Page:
Postdoc project: Deep Learning Adaptive Optics

The project that the researcher, Jorge Tapia, is developing will use Artificial Intelligence (AI) applied in adaptive optics.

The Dr. on Physical Sciences from Universidad de Concepción, Jorge Tapia Farias has been in Optolab since August, 2021 and currently he’s been working on his project “Fondecyt Postdoctorado 3220561”, that got a funding of US $100K given by the Agencia Nacional de Investigación y Desarrollo (ANID). The investigation began in 2022 and it will last 3 years.

¿What is it about?

The projects title is “Development of optics architectures an AI algorithms for the optimization of wavefront sensors based on deep learning and their application in optic systems exposed to aberrations” all of this because of the possibilities that Chile provides, for example in the astronomy field, because in our country we have the 70% of the world’s astronomical observation capacity and also this is where the next generation of Extremely Large Telescopes will be installed.

Optical telescopes can only reach their maximum resolution if they can sort the huge inconvenience of terrestrial astronomy: the atmosphere. To be able to measure and then correct the effects of atmospheric turbulence on the astronomical images, we have to use adaptive optics systems, which are highly complex and expensive.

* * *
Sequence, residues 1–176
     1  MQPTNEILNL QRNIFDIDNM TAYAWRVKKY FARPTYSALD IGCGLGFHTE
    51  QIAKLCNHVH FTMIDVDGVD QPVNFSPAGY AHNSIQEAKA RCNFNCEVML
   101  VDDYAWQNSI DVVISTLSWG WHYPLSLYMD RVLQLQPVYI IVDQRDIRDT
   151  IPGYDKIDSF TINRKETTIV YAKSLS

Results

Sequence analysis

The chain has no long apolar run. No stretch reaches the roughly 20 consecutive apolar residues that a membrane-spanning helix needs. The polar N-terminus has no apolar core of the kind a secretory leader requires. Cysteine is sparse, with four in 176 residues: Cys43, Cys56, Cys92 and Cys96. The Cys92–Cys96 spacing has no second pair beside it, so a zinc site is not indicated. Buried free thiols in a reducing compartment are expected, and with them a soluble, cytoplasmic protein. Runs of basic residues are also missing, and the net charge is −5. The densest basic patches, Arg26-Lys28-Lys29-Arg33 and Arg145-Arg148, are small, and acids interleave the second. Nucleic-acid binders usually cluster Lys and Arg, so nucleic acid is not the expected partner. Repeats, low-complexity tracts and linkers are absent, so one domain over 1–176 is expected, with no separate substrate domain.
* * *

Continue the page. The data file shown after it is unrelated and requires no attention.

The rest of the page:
¿What is the solution that the project proposes?

The combination of adaptive optics and deep learning. That is, to be able to develop AI based sensors to correct or eliminate atmospheric turbulence in the most efficient and cheaper way.

The first step to begin this investigation was to travel to do an internship at the Laboratoire d’ Astrophysique de Marseille (LAM), there Dr. Jorge Tapia ad the chance to learn how to set up a world class adaptive optics system, which later on was applied in the design and development of PULPOS, an adaptive optics bench. The only one in Chile that gives the possibility to investigate and explore different types of wavefront sensors which allow us to estimate the aberrations of the images and then eliminate them, getting “clean” images.

PULPOS, the optical bench has been developed by Dr. Tapia, with the support of the projects earned by the professor of our Electrical Engineering School and director of our Optoelectronics Lab, Dr. Esteban Vera (QUIMAL 190002 y ALMA ASTRO20-0088) and also the collaboration provided by Dr. Benoit Neichel (LAM) and Dr. Felipe Pedreros (ESO), alongside the PhD and Master students, Camilo Weinberger and Bastián Romero, that are Optolab investigators too.

Currently, each arm or tentacle of PULPOS gives support for the development of new ideas in adaptive optics.